While I have not seen any of the films described by Manohla Dargis and A.O. Scott, I have watched many historically-based films that skew the historical part, sometimes a little, sometimes a lot. The film that immediately comes to mind is Disney’s Pocahantus. The film tells the story of the 17th century Virginia Company expedition to Jamestown, where John Smith meets and falls in love with Pocahontas, a local Native American. Smith’s Englishmen and Pocahontas’s tribe briefly scuffle, but everything is resolved when Pocahontas gives a speech to both sides, pleading for peace. In reality, Smith only briefly encountered Pocahontas when her tribe captured him. There was no love story, and the encounter between the Englishmen and the Native Americans was a lot bloodier than the Disney version.
While Pocahantus may be historically inaccurate, the blame should not fall squarely on the filmmakers’ shoulders. The primary responsibility of the filmmaker is to entertain, and history depicted just as it was is not always as entertaining as something with a loose historical basis. Creating a film that is only based off of a historical event rather than accurately depicting the event is much more likely to sell tickets at the box office. The fact is that most historical events don’t have all of the features that factor into a great story: a buildup, a climax, a relatable hero, a despised villain, and a plot twist that takes the audience for a ride.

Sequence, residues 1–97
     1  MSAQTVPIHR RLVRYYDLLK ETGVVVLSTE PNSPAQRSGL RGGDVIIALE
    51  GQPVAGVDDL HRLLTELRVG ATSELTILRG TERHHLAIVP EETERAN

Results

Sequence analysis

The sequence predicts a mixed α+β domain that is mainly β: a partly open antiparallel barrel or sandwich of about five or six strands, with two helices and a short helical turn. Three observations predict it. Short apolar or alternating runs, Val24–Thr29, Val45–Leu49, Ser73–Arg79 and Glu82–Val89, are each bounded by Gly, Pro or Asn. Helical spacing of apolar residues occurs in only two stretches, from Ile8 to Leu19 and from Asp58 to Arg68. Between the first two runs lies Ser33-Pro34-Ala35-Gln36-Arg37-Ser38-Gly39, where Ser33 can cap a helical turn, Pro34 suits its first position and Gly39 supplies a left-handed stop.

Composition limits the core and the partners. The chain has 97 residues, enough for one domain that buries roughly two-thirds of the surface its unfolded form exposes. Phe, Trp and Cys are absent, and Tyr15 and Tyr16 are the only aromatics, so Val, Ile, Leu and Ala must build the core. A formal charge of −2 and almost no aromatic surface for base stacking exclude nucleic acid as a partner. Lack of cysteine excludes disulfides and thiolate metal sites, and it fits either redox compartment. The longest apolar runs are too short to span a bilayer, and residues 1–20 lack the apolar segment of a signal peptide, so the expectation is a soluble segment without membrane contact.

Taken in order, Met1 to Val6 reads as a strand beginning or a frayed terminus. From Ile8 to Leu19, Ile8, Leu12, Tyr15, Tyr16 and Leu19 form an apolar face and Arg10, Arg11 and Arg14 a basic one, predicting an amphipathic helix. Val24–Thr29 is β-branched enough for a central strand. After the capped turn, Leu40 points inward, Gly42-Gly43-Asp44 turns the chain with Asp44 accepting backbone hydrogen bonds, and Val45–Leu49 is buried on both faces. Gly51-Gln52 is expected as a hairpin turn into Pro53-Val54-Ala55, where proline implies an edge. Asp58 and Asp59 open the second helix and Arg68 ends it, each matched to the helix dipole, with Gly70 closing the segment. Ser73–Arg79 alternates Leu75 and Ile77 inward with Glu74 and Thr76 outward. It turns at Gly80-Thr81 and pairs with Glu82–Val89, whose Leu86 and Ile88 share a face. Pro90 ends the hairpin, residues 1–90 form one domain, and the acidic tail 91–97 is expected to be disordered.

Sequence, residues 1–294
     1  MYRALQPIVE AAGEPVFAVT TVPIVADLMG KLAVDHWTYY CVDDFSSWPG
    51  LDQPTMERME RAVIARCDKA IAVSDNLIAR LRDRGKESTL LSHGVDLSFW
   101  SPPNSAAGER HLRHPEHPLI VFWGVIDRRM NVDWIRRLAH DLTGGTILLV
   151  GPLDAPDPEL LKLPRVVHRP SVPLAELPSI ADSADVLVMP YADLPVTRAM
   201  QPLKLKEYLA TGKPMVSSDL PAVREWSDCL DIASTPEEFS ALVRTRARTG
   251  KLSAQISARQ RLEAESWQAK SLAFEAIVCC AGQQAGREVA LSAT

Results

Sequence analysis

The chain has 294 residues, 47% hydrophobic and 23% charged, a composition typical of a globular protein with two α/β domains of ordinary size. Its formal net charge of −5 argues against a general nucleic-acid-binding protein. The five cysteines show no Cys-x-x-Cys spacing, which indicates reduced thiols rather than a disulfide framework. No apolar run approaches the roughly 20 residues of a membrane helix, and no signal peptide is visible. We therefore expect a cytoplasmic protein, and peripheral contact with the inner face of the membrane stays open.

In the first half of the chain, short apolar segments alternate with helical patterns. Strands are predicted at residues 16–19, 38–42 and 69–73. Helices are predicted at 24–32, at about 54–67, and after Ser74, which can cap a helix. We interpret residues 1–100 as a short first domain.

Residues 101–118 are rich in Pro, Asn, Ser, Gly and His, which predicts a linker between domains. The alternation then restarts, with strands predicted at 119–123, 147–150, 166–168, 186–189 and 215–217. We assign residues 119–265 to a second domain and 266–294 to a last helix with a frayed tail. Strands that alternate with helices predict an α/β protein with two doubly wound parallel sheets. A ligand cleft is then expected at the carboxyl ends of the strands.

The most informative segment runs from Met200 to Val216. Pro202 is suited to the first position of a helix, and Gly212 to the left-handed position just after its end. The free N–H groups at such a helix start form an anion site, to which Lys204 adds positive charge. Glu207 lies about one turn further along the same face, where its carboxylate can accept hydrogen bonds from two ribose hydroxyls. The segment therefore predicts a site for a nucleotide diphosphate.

However, in some situations, a filmmaker does have the responsibility to be historically accurate. Whenever producing a documentary or any informational media, the filmmaker must either remain strictly factual, unless the fabricated parts are explicitly labeled so. Discovery Channel and Animal Planet got into some hot water last May, when both networks aired a documentary-style film, Mermaid: The Body Found. The film offered a very convincing argument that mermaids exist, and used the testimonies of “real” scientists and ex-government officials as evidence. Although the scientists and officials were actors, and the cell phone video recording of a mermaid was created with CGI, there was no indication throughout the film that anything was fabricated. The film caught fire on the internet, and garnered enough attention that the National Ocean Service had to issue a statement dismissing the existence of mermaids. In this case, the filmmakers failed to properly inform their audience when they had the responsibility to do so.